Code Craftsmanship, is dying

A gloomy title, no doubt, but reality is Code Craftsmanship is indeed dying.

The Lament

Gone are the days when a developer would come in to work & not worry about going home till the code works, code comments meant something, the unit tests were written & passed.

Gone are the days when developers knew what code they had written & could recite it backwards if needed.

Gone are the days when the developer read other developer’s code like you would read the latest thriller novel.

Gone are the days when there were these “Coding Oracles” who knew everything about how to code & you stood in awe in front of them eager to learn & see how the genius went about doing his magic.

The Commercialization of Coding

Coding is now a commercial activity. Developers are the “machines” which are expected to churn out code faster & faster to meet the every demanding & insatiable appetite of the new “digital world”. Where is the time for deeper thought, reflection & impact analysis?

Commercial (a.k.a $$) interests is the name of the song & coding purity is just a wrong note which needs to be avoided for the symphony to be complete.

How many times have you heard a developer say: “I could not finish unit testing/review/documentation/commenting as I had to do (blah blah)”.

Sure, we can blame the developer for being lazy/late or the $$ being more important or the market timing being the more important factor etc. etc. for missing out one of the core components of any development activity.

Sure, we will also feel GREAT for the arguments we present for NOT doing something.

But, have you ever gone back to the original project plan & saw the contents of the plan?

In my recollection, I have NEVER seen a project plan without time being allocated for analysis, unit tests, reviews, documentation – all the fine things which make code complete.

Then why is it that the usual end product of the the effort is lacking these aspects? Where is the time, promised in the plan,  lost?

This is what I term as the “commercialization of coding” where developers & their leads, project managers, product owners – tend to think software (especially modern software) as having reached a level of maturity where these basic items can be missed & yet you will end up with a stable finished product.

No – it cannot be & it will not be, at least not till we define “Professionalism” in coding.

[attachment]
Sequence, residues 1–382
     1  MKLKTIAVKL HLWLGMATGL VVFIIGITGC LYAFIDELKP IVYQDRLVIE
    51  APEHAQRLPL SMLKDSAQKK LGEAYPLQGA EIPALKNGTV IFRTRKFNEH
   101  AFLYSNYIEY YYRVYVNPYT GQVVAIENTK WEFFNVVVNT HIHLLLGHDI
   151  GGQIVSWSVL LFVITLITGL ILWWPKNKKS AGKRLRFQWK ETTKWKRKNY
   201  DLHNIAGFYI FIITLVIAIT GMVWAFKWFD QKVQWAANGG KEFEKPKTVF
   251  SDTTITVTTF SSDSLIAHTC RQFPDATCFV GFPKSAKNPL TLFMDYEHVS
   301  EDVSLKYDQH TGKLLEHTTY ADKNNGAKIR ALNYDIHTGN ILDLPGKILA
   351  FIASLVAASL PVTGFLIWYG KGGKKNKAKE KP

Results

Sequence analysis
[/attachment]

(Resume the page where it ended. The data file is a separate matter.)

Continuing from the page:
Professionalism in Coding

Traditional crafts like: plumbing, carpentry, masonry, architecture & construction, the auto industry have had a huge head start over IT.

While these industries are mature in the sense of their basic guidelines & principles, IT & consequently coding is still an evolving field where we are still learning new ways of doing things. Better processors, dual/multi-core processors are forcing us to think of new ways of writing our code to harness the powers unleashed.

But, unlike the traditional crafts where the apprentice has time to gain experience & expertise before he is given the immense responsibility of moving up the ranks, it is relatively easy in the Coding world to move up – especially if you are one of the so called: “knows the latest technologies”.

Unlike traditional industries where an building Architect will get sued for even a small design flaw in the construction of a building, Software Architects file everything under the guise of a “bug” & set priorities & release dates of when the bug will be fixed.

Don’t get me wrong – software development is an extremely “intellectual” activity with perceived easy of fixing issues and/or changing designs as compared to a physical building, but if we really look at the vast majority of implementations, it is painfully obvious that “Professionalism” is missing.

Professionalism – is the ability to be true to your craft & take all the steps necessary to know it to the best of your abilities & nurture, practice & hone your techniques over & over again before doing it on a real project.

Come to think of it – how many of you would feel confident if you were the very first patient of a dentist who passed out of college recently? Apply that to software – how many of the software architects today are designing highly complex systems on a completely new technology for the very first time as a “new & challenging opportunity”?


Commercial interests will continue to rule (& fund) projects, make no mistake.

But, what can you do so that even if you are part of that mill – you are being true to the business? Practice, practice & more practice is the only way IMO. Make your mistakes when you practice & reserve your flawless performances when you code in real life – the commercial interests expect it.

Before I sign off, please browse the following which echo some of the same sentiments:

Software Craftsmanship & Code Retreats with Corey Haines

Software Craftsmanship

Jeff Atwood in his indomitable style: